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Key to Automated Payments for Medical Supplies

PYMNTS recently met with two of the players in the health sector.

On the purchase side, Huntington Healthwhich is affiliated with the Cedars-Sinai Health System in California, shared how faster and more efficient delivery of vital medical supplies is occurring despite limited supplies and other recently exposed system weaknesses.

From a financial point of view, American Express shared his perspective on the history, status quo and future of digitization and automation of payments in the healthcare sector, which accounts for nearly 20% of gross domestic product (GDP).

Read more: B2B Payments in Healthcare Tracker®

The buy side

Like many other health systems, Huntington Health faces payment issues when purchasing medical supplies, seeking faster and more efficient payment processes instead. Embracing technology and trusted financial partnerships can ease friction.

Huntington buys about $100 million worth of supplies and equipment a year – even bandages. The pandemic has tested purchases with a mad rush for specialized types of equipment, such as N95 masks and ventilators, which are not normally stocked in bulk or available in large quantities from medical supply suppliers. trusted or even government stocks.

The pandemic presented a unique day-to-day scenario where the hospital needed to be prepared to write a check or quickly transfer money outside of its normal purchasing systems, which required manual billing, shipping, and Accounts Payable (AP) .

Slowly, this is changing as hospitals are beginning to see the benefits of using enterprise resource planning (ERP) solutions to streamline different processes and work towards achieving overall organizational efficiency. Still, it takes time to implement new technologies in large healthcare organizations, and Huntington is about three years away from full adoption.

The use of electronic payments is also growing. The number of ACH healthcare payments in the second quarter of 2022 was 113.7 million, an increase of 5.3% compared to the 108 million ACH healthcare payments in the second quarter of 2021, according at Nasha.

Yet while providers prefer ACH payments and direct deposits, their customers are making up to 85% of their payments by check or other paper-based methods, as shown in the B2B Payments in Healthcare Tracker, a collaboration between PYMNTS and American Express.

The healthcare industry is also facing staffing shortages in many different disciplines. Huntington is working to adopt artificial intelligence and robotics technology that can help reduce the need for human effort.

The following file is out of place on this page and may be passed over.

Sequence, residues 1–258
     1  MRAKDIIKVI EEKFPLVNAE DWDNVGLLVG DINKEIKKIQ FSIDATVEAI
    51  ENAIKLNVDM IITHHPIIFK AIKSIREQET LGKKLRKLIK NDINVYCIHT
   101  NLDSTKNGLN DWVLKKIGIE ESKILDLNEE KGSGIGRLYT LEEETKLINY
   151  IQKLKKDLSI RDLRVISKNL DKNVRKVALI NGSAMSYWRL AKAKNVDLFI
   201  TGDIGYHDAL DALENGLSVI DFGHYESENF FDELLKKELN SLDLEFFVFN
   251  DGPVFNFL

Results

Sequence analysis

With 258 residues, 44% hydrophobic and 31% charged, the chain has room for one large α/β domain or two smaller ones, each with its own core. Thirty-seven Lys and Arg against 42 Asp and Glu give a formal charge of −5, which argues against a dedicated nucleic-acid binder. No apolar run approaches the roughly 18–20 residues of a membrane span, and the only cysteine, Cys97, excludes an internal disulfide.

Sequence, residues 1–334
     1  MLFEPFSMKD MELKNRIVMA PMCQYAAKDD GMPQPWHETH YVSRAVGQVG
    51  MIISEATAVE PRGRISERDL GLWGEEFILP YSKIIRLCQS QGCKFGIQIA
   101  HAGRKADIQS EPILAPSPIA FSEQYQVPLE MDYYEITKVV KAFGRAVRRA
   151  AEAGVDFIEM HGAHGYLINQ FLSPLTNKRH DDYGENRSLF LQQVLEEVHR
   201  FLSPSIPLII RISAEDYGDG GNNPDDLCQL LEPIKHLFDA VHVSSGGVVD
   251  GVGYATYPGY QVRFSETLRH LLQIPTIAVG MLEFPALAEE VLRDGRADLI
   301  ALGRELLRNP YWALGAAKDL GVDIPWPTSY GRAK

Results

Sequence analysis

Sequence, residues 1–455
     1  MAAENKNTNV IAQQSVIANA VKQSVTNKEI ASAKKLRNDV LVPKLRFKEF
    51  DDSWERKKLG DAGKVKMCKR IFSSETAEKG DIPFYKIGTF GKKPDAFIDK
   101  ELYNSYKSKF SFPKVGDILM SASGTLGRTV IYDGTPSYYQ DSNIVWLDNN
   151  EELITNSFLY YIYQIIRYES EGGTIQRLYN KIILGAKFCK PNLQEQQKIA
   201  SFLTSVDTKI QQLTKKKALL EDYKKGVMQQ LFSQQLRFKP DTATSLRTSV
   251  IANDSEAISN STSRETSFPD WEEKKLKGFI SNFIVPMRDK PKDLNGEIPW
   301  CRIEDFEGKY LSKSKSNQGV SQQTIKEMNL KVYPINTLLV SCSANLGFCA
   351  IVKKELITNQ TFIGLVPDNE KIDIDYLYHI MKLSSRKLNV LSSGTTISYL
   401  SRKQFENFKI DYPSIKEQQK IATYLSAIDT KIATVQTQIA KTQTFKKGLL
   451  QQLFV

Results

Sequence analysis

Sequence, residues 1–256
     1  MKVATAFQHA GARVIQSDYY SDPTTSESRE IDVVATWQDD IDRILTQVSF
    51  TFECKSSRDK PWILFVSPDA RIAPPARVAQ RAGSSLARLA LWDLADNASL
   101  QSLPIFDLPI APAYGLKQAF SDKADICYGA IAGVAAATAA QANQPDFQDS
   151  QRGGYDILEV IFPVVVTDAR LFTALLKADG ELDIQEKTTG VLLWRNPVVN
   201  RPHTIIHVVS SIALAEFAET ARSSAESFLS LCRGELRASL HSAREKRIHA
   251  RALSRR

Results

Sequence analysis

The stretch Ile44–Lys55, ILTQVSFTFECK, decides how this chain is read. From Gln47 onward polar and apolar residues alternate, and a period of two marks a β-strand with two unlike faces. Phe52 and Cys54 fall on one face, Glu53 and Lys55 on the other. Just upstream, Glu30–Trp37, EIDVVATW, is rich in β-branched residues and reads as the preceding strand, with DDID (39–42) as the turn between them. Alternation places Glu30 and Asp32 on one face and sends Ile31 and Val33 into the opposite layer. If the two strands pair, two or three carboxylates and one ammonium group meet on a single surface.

The Financial Sector Perspective

American Express believes that automation can improve medical supplies procurement and supplier relationships. The shape of things to come implies a future in which automation will continue as procurement ensures supply chain efficiency.

Healthcare is particularly sensitive to pandemic issues, and many back-office employees are still inclined to work from home. Digital access to physical assets, such as ledgers, invoices and checks, widely adopted during shutdowns, continues to enable this trend, helping to address labor shortages while reducing workforces by maximizing efficiency and effectiveness.

Remote back office work also frees up facility space for clinical and wellness revenue generating uses.

See also: Health accounts for 20% of GDP which desperately needs payment efficiency

Automated billing creates a backbone of supply support to deliver critical medical supplies on time. Fully automated AP and Accounts Receivable (AR) processes with electronic invoicing can eliminate friction by correcting discrepancies.

Hospitals have embraced AP automation solutions, which conversely have vendors looking for AR solutions and payment portals to maximize receivable collection rates and treasury applications while using solutions supply chain finance.

The challenges of travel

The journey to the promised land necessarily requires a trek through the desert. Supply is challenged by a myriad of factors, especially when visibility into hospital inventory is poor.

Internally, data management can be difficult when working on decentralized legacy systems. Teams that can still take very manual steps to place orders will cause delivery delays, further blurring visibility into inventory levels, orders, and delivery schedules.

Externally, ongoing changes in regulatory requirements are impacting on-demand medical supplies that need to be stocked. Additional tension occurs when demand spikes, bidding processes lack transparency, and supply chain procurement logistics come to a halt.

Concentration remains a problem. While nothing focuses the mind quite as wonderfully as the prospect of a pandemic, hospitals and healthcare systems are still focused on other priorities, including clinics, compliance, revenue cycle management, and consolidation. after the merger and acquisition.

A common goal

Huntington looks forward to the time when direct payments to overseas suppliers can be made by machines that can instantly account for supply chain delays. By using pre-authorized payment methods such as virtual cards, machines can ensure a steady flow of supplies and pay for them in local currency.

Meanwhile, American Express envisions the convergence of buyers and suppliers under the umbrella of automation. FinTechs and financial institutions will be instrumental in providing the healthcare industry with the payment digitization and automation solutions it needs to succeed in this matter of life and death.

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Joan J. Dean

The author Joan J. Dean